What Is Lopinavir?
Lopinavir is a drug used as part of antiretroviral therapy (ART). It is manufactured by Abbott Laboratories. Lopinavir is a protease inhibitor. The amount of lopinavir in the blood stream stays much higher if it is taken with a small amount of ritonavir, another protease inhibitor. See Fact Sheet 442 for more information on ritonavir. Kaletra® is a combination of lopinavir and ritonavir in the same tablet. In developing countries, Kaletra is sold as Aluvia. Generic versions have been tentatively approved under PEPFAR (see Fact Sheet 475).
Protease inhibitors prevent the protease enzyme from working. HIV protease acts like chemical scissors. It cuts the raw material for HIV into specific pieces needed to build a new virus. Protease inhibitors "gum up" these scissors.
Who Should Take It?
Kaletra was approved in 2000 as an antiretroviral drug (ARV) for people with HIV infection. It has been studied in adults and children. In 2008 it was approved for use in children at least 14 days old.
There are no absolute rules about when to start ART. You and your health care provider should consider your CD4 cell count, your viral load, any symptoms you are having, and your attitude about taking ART. Fact Sheet 404 has more information about guidelines for the use of ART.
If you take Kaletra with other ARVs, you can reduce your viral load to extremely low levels, and increase your CD4 cell counts. This should mean staying healthier longer.
What About Drug Resistance?
Many new copies of HIV are mutations. They are slightly different from the original virus. Some mutations can keep multiplying even when you are taking an ARV. When this happens, the drug will stop working. This is called "developing resistance" to the drug. See Fact Sheet 126 for more information on resistance.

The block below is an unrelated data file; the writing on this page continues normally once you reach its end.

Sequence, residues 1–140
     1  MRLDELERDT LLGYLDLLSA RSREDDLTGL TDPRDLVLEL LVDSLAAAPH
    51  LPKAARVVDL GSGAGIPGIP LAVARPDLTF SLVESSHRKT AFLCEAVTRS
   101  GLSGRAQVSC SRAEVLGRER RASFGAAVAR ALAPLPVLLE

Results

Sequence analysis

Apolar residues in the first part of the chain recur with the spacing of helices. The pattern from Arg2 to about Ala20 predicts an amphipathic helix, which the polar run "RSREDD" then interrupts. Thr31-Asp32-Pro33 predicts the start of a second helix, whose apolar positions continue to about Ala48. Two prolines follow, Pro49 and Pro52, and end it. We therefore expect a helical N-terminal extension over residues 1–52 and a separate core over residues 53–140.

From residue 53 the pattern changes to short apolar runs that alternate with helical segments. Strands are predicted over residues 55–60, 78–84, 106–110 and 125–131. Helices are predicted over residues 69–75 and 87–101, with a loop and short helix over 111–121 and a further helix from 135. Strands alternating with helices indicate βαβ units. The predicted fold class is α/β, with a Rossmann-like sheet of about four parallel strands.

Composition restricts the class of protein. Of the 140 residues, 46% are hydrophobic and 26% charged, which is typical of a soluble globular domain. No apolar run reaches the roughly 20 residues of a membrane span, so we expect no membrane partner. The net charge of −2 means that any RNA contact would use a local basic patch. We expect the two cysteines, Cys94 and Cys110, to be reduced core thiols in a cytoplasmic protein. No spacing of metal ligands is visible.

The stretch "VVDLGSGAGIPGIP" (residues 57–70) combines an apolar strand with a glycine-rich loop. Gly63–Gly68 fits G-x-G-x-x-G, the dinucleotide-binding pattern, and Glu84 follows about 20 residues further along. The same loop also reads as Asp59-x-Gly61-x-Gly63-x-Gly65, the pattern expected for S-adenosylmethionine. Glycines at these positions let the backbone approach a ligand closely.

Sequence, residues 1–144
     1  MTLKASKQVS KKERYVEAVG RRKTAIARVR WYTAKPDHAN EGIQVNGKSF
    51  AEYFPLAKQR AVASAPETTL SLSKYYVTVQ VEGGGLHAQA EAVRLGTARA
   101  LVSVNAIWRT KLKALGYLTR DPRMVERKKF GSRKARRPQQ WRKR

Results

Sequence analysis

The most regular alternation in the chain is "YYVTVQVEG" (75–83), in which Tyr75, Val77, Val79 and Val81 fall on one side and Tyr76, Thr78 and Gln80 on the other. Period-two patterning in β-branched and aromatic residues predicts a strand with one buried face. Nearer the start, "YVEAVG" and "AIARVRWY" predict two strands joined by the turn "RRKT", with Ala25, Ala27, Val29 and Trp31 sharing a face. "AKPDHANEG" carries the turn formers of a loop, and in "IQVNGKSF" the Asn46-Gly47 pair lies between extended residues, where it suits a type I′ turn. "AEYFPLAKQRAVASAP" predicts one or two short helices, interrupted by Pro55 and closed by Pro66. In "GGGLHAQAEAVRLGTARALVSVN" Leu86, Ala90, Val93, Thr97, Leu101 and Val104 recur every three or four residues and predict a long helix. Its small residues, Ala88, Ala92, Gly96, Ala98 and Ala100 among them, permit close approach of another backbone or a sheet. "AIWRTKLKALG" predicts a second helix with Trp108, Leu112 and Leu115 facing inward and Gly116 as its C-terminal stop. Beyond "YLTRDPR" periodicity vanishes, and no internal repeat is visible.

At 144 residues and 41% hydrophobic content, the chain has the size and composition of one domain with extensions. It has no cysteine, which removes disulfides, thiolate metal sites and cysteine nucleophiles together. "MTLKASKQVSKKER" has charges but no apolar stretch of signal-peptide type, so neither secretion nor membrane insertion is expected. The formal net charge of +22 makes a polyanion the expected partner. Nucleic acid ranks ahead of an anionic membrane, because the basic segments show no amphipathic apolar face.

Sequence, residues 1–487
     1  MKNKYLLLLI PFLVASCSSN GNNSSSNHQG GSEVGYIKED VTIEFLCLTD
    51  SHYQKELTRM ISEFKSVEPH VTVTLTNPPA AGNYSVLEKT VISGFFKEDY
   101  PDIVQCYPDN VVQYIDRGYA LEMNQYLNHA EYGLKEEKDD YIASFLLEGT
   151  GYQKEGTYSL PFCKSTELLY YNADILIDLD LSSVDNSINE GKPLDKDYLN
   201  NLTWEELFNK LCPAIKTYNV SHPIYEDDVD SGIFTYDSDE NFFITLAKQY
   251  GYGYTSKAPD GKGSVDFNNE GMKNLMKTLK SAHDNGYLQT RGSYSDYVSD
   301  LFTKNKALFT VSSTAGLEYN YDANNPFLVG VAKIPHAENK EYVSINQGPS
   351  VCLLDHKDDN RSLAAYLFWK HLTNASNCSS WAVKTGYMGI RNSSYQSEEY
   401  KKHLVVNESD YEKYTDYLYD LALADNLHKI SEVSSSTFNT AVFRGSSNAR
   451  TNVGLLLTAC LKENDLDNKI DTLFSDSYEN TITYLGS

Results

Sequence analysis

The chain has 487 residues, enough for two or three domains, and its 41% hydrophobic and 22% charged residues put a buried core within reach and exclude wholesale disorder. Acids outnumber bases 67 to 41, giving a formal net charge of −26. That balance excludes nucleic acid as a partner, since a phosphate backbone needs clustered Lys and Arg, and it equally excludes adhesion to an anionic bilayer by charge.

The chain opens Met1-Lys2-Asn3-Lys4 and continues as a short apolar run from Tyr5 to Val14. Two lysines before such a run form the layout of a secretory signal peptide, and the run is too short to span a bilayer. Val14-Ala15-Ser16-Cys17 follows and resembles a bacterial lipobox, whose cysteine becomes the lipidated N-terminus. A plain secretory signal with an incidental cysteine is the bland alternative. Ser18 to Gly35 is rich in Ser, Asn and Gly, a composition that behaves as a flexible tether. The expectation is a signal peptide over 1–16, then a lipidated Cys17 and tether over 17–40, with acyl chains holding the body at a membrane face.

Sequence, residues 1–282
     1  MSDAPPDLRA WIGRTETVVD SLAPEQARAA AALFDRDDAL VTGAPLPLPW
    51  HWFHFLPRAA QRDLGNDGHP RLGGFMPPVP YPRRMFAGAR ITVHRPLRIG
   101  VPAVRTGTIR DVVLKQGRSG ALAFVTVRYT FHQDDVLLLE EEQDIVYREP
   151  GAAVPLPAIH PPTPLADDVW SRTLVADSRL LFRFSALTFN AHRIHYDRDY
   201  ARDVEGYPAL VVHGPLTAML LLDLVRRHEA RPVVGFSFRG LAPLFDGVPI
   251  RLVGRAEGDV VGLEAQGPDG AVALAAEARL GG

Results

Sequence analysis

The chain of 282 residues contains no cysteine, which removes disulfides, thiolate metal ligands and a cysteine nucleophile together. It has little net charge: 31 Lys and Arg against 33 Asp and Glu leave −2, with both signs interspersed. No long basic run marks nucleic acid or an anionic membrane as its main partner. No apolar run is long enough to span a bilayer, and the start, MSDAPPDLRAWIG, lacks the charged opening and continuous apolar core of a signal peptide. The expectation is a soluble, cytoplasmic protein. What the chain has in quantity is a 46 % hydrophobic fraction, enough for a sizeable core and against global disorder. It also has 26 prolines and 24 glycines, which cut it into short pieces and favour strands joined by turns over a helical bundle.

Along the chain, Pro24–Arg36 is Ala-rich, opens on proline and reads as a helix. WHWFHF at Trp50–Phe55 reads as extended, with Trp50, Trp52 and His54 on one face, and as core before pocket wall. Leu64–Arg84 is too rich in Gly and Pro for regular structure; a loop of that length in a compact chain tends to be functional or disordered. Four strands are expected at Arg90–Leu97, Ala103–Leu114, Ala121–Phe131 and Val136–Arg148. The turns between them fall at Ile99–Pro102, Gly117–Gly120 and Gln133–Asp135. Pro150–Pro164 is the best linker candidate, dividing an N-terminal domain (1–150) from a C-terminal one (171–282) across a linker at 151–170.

Sometimes, if your virus develops resistance to one drug, it will also have resistance to other ARVs. This is called "cross-resistance."
Kaletra provides blood levels that are high enough to control HIV that has already developed some resistance to other protease inhibitors.
Resistance can develop quickly. It is very important to take ARVs according to instructions, on schedule, and not to skip or reduce doses.
How Is It Taken?
A film-coated tablet of Kaletra was approved in October 2005. The tablet replaces the original gelatin capsule version. Each tablet contains 200 milligrams (mg) of lopinavir and 50 mg of ritonavir. The normal dose is two tablets twice a day or four tablets once a day for patients whose HIV does not have significant resistance to Kaletra.
In November 2007, the FDA approved a half-strength formulation for children. It contains 100 mg of lopinavir and 25 mg of ritonavir. This version does not require refrigeration.
It is also available in liquid form. The normal adult dose is 5 milliliters (ml) twice a day. Kaletra tablets can be taken with or without food. Kaletra liquid should be taken with food. Different doses are used in some combinations. Be sure you know how much Kaletra your health care provider has prescribed for you, and when and how to take each dose.